This is a discussion on How do you capture your brass for reloading within the Reloading forums, part of the Defensive Ammunition & Ballistics category; That's why I wear a hat with a brim when I shoot Originally Posted by iguanadon I take a shot and catch the shell in ...
To add to my previous post, over at the big range we put down tarps and don't have to look in the grass, but we have about 50' of firing line. Another tip is if anyone is shooting steel cases, we roll a roofers magnet over the ground and cull the steel, before we pick up the brass
Last Sunday, we were at the range and the boys were shooting my Thompson 1927-A1 and the tarp was not hanging at the distance they were shooting and I noticed the brass being thrown completly over the fence--still our place, but a pain to pick up over in the leaves and have to walk up to the gate or tear your pants crossing the fence. .
I also get to shoot at a local LE range sometimes and mostly they don't pickup brass. It is on concrete and we use a #3 grain scoop to pick up brass. Great source of .40, .223 and sometimes 9mm.
Pgrass got to it first. I sneak up on it quietly and throw my cast net over it.
I got tired of chasing 10mm brass all over the range and started using a handheld catcher (Graco Models). It's not perfect, and required a bit of adjustment, but I was surprised that it catches about 90% of the brass.
I set out a box propped up with a stick and a trip string,I then stake a piece of brass depending on which type I'm trying to capture 223/40/9/45 etc in the middle,pretty soon other brass will start accumulating under the box and when theres enough I jerk the stick out and trap it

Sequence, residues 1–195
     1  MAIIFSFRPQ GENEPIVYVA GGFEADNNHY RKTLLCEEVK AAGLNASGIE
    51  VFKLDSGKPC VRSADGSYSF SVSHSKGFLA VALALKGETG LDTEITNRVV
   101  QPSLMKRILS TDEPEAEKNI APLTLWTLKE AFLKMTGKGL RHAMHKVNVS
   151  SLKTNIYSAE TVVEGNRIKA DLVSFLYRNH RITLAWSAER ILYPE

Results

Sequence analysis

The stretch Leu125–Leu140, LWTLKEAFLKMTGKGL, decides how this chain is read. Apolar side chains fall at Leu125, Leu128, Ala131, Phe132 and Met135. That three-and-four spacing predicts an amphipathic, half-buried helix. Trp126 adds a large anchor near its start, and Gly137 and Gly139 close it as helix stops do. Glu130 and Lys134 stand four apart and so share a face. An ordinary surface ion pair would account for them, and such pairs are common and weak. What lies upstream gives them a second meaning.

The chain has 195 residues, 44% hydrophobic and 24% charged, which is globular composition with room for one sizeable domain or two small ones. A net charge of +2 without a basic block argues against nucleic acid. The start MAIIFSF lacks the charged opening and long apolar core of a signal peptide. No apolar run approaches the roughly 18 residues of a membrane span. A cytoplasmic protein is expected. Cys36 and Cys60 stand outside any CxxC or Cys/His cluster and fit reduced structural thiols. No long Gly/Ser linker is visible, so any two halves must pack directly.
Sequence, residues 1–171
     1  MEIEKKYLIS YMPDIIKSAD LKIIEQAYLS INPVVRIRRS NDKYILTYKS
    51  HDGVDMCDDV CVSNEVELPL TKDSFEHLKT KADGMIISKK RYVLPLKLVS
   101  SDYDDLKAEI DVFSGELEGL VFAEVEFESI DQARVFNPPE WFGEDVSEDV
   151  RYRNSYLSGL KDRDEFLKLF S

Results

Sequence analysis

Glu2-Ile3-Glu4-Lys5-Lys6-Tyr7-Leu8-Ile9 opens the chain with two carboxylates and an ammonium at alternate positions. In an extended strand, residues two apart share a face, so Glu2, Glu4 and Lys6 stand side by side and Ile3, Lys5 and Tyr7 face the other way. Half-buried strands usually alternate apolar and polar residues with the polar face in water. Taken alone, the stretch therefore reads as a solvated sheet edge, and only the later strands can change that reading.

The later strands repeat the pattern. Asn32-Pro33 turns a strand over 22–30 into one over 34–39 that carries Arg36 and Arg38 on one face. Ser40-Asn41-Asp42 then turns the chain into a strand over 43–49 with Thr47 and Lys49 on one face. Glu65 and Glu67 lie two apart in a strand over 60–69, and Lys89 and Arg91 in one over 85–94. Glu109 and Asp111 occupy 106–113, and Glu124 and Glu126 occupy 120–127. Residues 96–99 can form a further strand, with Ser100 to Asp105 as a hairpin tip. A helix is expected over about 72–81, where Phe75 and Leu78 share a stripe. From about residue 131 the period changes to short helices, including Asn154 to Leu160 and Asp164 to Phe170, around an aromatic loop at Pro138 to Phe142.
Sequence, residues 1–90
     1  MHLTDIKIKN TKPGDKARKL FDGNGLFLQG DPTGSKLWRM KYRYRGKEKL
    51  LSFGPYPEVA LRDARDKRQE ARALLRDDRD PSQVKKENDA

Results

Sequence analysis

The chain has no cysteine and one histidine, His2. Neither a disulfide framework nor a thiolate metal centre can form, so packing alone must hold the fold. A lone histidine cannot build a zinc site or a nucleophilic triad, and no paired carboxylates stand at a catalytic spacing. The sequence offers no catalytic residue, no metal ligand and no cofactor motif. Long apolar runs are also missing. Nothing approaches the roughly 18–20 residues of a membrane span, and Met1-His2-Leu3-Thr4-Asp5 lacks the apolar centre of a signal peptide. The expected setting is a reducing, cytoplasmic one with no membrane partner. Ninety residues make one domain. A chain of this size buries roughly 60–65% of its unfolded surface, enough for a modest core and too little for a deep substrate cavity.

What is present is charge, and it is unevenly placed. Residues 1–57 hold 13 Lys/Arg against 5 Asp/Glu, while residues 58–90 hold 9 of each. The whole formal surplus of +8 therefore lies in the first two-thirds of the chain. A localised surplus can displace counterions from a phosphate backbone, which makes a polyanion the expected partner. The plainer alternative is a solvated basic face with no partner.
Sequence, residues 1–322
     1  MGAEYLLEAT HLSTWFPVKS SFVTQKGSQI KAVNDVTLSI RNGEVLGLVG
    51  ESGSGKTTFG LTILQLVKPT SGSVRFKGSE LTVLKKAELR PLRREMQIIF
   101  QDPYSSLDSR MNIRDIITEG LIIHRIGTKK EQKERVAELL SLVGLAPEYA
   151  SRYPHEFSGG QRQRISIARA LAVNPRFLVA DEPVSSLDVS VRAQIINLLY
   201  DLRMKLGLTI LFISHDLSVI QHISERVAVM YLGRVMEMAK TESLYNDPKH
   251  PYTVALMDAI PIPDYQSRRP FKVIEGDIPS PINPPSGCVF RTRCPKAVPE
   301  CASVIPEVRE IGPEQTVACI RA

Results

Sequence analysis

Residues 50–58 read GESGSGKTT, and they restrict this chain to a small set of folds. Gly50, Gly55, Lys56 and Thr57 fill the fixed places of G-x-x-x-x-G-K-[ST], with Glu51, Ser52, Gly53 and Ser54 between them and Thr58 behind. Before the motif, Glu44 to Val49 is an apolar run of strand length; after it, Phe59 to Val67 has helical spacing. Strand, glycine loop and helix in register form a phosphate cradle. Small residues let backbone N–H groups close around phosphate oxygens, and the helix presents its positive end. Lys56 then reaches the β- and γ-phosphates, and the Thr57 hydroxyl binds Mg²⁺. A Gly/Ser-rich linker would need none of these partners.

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--Mayor Marion Barry, Washington , DC .
I was speaking with a young lady in line with me at last weekend's gun show and she explained how she catches her brass. She said she just unbuttons the top two buttons of her blouse and all her spent brass goes right in her shirt. She did say it hurts like heck, but she doesn't have to look far for her brass.
"If you make something idiot proof, someone will make a better idiot."
At my indoor range the Range Safety Officer asks if I am collecting my brass and i tell him yes. My station is clean when i start and when done, he rakes up all the brass into a pile for me to collect. Nice touch. If it someone is not collecting, he pushes it out onto the range in front of the shooting position. Yes, we are required to wear a hat to do away with the Hot Brass Issue.
Praise the Lord my Rock, who trains my hands for war, my fingers for battle --- Psalm 144
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Getting hot brass on you must have something to do with your grip or wrist. I really have "no idea" where mine goes while I'm shooting - over to the right somewhere and not on me, doesn't concern me. My sister shoots my gun, same gun same ammo and gets the hot brass treatment. Figure on that.
The range provides a dust broom, we bring a big coffee can. Haven't found a good solution for "free range" shooting, too much grass and/or leaves. Maybe a tarp is in order.
I won't be wronged, I won't be insulted, I won't be laid a hand on. I don't do these things to other people and I expect the same from them. -- John Wayne as John B. Books in "The Shootist"
I've been known to do like Gman and use the bed of the pickup but for me, it seems to work best with rifles.
“No possible rapidity of fire can atone for habitual carelessness of aim with the first shot.”
Theodore Roosevelt, The Wilderness Hunter, 1893
10x15 tarp and stand on the front left corner so brass lands onto the tarp. Indoor range? Take a friend with a pillow case.
I rarely shoot at a range. My normal shooting places are on US Forest Service land. I will lay out a tarp where the brass is landing and collect it that way.